And yes, as you might be able to see from the photo above, the arena for the late afternoon dress rehearsal was half empty. We could tell that this might have been the first chance that the presenters had had to do a run-through as they were a little wooden, and there were a few technical errors that interrupted what should have been an ‘as live’ run through. Still, there was lots to enjoy – and the good thing from my perspective was that there are more songs that I like than can progress to the final – of the 19 songs only 10 from each semi-final can progress to compete for the Grand Prix de la chanson Eurovision. There were outstanding performances from several countries:
Boaz for Israel (my showbiz mate) offers a refreshingly straightforward performance, where the song is central to the performance.
Norway was vocally strong – but, whilst it’s a great song, it’s perhaps not a eurosong.
Bosnia and Herzegovina got one of the best reactions from the audience. The song is great, and he staging is absolutely barking – the performers wear wedding dresses, there is a washing line, and the female singer looks like Helena Bonham-Carter in Sweeney Todd!
We may also have seen a winning performer today – Dima Bilan for Russia. He is in-it-to-win-it, with such a swagger to his performance (he’s on his knees at one point – looks like he’s literally begging for votes), and is joined on stage by a figure skating Olympic champion (no really!) and, most exciting for some, a 400 year old Stradivarius violin (no, REALLY!). The song is a little dull for my liking, but in terms of a Eurovision package it’ll sail through to the final and will finish top 3 for sure. That said, I am the kiss of death when it comes to judging this Eurovision lark – expert indeed!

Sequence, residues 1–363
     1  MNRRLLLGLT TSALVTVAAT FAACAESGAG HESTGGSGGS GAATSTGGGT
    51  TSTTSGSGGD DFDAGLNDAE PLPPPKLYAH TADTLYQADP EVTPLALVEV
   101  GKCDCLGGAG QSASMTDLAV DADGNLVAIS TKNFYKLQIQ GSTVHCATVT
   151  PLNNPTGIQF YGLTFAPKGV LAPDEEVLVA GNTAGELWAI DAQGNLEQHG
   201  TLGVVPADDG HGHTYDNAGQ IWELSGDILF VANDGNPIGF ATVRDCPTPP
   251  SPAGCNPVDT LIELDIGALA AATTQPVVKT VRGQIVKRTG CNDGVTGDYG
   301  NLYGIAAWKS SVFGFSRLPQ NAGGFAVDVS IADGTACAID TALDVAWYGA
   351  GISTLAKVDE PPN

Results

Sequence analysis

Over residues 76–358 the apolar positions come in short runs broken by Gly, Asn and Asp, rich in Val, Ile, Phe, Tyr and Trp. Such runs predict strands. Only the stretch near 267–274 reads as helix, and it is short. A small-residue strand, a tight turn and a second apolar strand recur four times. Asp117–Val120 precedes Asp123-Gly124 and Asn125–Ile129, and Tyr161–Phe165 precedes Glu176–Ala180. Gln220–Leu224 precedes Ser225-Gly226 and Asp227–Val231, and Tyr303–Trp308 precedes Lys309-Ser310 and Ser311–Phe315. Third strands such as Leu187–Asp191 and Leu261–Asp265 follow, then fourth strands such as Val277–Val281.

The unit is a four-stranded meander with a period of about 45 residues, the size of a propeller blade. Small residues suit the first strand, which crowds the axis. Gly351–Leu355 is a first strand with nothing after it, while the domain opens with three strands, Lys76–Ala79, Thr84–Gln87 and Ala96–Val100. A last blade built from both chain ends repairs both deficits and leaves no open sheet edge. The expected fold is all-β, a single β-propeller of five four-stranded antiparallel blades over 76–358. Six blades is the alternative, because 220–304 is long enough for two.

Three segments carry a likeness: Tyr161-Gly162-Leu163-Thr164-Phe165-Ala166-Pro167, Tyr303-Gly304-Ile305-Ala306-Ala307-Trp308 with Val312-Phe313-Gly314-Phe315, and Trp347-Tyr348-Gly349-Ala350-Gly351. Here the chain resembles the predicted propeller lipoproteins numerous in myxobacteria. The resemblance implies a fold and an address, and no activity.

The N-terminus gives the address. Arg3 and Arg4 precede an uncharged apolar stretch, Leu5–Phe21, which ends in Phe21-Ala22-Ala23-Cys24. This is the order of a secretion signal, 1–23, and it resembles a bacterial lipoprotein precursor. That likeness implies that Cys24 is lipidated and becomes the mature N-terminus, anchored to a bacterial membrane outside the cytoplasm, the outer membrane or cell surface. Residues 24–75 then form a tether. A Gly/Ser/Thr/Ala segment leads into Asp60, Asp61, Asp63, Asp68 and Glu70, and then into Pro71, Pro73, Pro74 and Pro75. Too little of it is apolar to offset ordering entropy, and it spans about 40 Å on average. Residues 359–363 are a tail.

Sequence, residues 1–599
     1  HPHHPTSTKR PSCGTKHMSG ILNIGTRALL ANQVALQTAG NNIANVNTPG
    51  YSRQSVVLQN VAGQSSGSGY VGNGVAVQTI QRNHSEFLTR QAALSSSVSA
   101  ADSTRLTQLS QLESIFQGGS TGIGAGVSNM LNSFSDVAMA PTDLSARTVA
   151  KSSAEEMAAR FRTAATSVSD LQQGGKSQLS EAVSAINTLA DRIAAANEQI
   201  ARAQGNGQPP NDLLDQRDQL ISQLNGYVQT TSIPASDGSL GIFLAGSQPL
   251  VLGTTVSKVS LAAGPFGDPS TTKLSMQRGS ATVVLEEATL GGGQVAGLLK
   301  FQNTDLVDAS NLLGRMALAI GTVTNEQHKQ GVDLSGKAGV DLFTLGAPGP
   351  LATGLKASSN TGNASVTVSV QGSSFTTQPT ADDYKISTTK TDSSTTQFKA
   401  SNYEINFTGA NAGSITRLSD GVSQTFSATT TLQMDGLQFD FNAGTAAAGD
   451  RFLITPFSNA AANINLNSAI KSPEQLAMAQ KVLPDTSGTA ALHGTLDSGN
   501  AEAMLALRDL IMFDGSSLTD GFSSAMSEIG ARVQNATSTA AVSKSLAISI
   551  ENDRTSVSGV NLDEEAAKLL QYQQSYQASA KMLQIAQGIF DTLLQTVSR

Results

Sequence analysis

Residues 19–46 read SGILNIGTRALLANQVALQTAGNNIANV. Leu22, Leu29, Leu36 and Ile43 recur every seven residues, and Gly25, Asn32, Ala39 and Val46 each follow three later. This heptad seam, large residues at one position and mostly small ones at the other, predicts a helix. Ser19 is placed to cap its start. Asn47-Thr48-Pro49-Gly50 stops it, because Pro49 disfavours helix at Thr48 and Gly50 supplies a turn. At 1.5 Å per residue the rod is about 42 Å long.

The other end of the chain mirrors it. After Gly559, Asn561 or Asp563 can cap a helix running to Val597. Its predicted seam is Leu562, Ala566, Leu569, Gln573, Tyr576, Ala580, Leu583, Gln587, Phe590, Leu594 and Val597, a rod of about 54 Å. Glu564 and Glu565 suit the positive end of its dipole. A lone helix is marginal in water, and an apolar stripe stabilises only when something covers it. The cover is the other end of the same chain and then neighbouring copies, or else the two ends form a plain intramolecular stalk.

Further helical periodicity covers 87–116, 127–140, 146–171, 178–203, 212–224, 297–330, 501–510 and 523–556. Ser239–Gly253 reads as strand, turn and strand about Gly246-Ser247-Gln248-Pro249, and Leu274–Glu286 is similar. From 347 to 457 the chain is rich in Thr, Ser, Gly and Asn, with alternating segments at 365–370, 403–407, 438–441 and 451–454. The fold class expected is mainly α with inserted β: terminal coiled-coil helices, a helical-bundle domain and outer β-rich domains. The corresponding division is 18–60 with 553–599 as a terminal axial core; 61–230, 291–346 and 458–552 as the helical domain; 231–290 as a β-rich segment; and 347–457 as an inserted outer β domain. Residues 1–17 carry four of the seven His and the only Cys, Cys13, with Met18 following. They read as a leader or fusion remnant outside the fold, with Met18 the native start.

And if you’re after a bit of eye candy, Greece have sent an Greek American singer, Kalomira who is a cross between Britney and Christina, so for the proposes of the blog we’ll call her Britina. Great song, great performance – and sure to be in the final for a top 10 finish.
So, that’s my pick of the crop for the first semi-final, which I’ll be seeing again on Tuesday night. You can see it on BBC 3 at 8.00pm. I have really good seats to the left of the stage, so keep your eyes peeled. Now if I could only find a big foam finger… Last note from Monday in sunny Belgrade was my live radio link-up for BBC Radio Merseyside. The Billy Butler show were keen to get my feedback on the first semi-final, and we talked at length about the UK entries of the past and the UK attitude to Eurovision. They liked me so much they I’ll be doing another interview for their breakfast show later in the week.
Once again, Karen caught me in action…
Like I said – waistcoats are back, back, back… and that was day 3 in Belgrade!
2 responses to “Let the rivers run…”
Fantastic! Let us know which day you’re on the breakfast show then we can all tune in again, see you on the telly tonight hopefully, front row on the left of the stage (sound of harps!) 😀 x
Isn’t the catwalk thingy known as an ego ramp?? I’ll watch tonight to see who makes the most of it. Looking forward to Dima on his knees already. Nobody coming out of a piano this year then?
Looking forward to more photos of shmoozing!